Paavolainen, L.; Acar, E.; Tuna, U.; Peltonen, S.; Moriya, T.; Soonsawad, P.; Marjomäki, V.; Cheng, R. H. & Ruotsalainen, U. Compensation of missing wedge effects with sequential statistical reconstruction in electron tomography. PloS one, 2014, 9, e108978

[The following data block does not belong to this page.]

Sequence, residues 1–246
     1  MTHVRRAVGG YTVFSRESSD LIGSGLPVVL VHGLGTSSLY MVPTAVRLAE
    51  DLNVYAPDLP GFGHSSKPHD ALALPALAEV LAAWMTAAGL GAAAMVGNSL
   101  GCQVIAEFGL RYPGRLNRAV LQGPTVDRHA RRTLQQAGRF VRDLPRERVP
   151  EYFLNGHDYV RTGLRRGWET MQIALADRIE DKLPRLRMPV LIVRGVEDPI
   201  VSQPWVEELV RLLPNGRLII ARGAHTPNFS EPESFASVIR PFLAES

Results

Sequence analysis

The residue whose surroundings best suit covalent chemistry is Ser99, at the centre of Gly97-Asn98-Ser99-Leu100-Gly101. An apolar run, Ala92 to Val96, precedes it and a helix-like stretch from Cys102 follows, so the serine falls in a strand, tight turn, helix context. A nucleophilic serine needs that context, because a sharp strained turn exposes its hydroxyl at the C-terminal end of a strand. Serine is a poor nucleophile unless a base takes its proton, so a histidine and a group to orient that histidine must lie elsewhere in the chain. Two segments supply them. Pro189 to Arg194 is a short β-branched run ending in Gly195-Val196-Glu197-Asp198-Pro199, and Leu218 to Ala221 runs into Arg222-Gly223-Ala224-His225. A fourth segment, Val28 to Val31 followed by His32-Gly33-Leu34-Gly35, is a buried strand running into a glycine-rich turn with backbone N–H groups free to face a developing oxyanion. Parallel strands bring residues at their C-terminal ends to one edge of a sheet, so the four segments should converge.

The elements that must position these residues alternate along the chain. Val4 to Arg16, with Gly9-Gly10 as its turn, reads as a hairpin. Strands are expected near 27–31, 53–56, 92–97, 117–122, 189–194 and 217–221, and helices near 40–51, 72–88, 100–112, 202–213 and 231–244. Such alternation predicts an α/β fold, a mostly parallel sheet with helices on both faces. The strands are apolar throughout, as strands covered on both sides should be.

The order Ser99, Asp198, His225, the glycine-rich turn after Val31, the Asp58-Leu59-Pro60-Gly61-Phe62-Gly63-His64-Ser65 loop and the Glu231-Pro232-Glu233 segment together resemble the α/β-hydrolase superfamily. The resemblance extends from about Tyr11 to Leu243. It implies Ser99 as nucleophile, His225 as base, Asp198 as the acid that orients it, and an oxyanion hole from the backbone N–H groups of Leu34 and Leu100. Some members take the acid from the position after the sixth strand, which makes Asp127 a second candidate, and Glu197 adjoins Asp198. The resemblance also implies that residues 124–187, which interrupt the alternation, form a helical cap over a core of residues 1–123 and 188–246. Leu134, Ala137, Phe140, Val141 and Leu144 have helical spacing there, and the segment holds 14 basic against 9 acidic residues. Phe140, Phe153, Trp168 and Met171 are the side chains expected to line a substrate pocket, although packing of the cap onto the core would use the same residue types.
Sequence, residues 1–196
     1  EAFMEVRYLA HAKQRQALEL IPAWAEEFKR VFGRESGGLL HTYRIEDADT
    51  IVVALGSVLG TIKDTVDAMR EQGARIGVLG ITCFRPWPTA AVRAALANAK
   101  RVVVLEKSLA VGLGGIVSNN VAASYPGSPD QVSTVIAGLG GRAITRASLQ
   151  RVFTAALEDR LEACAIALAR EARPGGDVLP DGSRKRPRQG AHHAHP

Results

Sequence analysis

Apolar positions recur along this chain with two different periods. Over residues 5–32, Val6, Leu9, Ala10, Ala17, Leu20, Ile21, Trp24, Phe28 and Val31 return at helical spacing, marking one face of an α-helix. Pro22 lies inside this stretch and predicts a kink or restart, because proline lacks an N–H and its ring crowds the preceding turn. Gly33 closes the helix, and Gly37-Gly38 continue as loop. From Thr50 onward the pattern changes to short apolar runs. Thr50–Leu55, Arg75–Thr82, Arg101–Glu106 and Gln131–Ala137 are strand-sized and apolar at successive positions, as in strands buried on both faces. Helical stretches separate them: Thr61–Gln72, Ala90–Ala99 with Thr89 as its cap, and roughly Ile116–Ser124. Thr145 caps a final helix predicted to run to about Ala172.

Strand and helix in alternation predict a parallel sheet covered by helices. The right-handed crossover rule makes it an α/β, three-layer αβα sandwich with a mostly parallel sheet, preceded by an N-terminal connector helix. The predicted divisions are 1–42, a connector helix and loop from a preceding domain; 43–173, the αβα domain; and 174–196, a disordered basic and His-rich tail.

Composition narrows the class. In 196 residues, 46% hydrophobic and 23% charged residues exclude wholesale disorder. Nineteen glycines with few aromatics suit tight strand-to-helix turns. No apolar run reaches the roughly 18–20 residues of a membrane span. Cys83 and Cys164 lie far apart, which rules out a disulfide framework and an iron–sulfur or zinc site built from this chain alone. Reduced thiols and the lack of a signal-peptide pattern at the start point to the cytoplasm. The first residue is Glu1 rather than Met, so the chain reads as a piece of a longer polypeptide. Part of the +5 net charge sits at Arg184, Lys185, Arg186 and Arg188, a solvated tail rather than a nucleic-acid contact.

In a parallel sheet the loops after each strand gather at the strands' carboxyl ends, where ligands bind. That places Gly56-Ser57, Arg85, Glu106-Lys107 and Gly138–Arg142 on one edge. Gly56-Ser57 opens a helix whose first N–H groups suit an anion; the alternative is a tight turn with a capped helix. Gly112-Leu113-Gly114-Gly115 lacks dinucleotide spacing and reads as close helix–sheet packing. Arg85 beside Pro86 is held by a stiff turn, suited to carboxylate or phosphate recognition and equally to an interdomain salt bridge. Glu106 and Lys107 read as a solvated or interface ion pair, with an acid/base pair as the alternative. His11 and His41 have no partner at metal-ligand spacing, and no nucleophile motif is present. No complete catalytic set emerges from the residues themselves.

Electron tomography (ET) of biological samples is used to study the organization and the structure of the whole cell and subcellular complexes in great detail. However, projections cannot be acquired over full tilt angle range with biological samples in electron microscopy. ET image reconstruction can be considered an ill-posed problem because of this missing information. This results in artifacts, seen as the loss of three-dimensional (3D) resolution in the reconstructed images. The goal of this study was to achieve isotropic resolution with a statistical reconstruction method, sequential maximum a posteriori expectation maximization (sMAP-EM), using no prior morphological knowledge about the specimen. The missing wedge effects on sMAP-EM were examined with a synthetic cell phantom to assess the effects of noise. An experimental dataset of a multivesicular body was evaluated with a number of gold particles. An ellipsoid fitting based method was developed to realize the quantitative measures elongation and contrast in an automated, objective, and reliable way. The method statistically evaluates the sub-volumes containing gold particles randomly located in various parts of the whole volume, thus giving information about the robustness of the volume reconstruction. The quantitative results were also compared with reconstructions made with widely-used weighted backprojection and simultaneous iterative reconstruction technique methods. The results showed that the proposed sMAP-EM method significantly suppresses the effects of the missing information producing isotropic resolution. Furthermore, this method improves the contrast ratio, enhancing the applicability of further automatic and semi-automatic analysis. These improvements in ET reconstruction by sMAP-EM enable analysis of subcellular structures with higher three-dimensional resolution and contrast than conventional methods.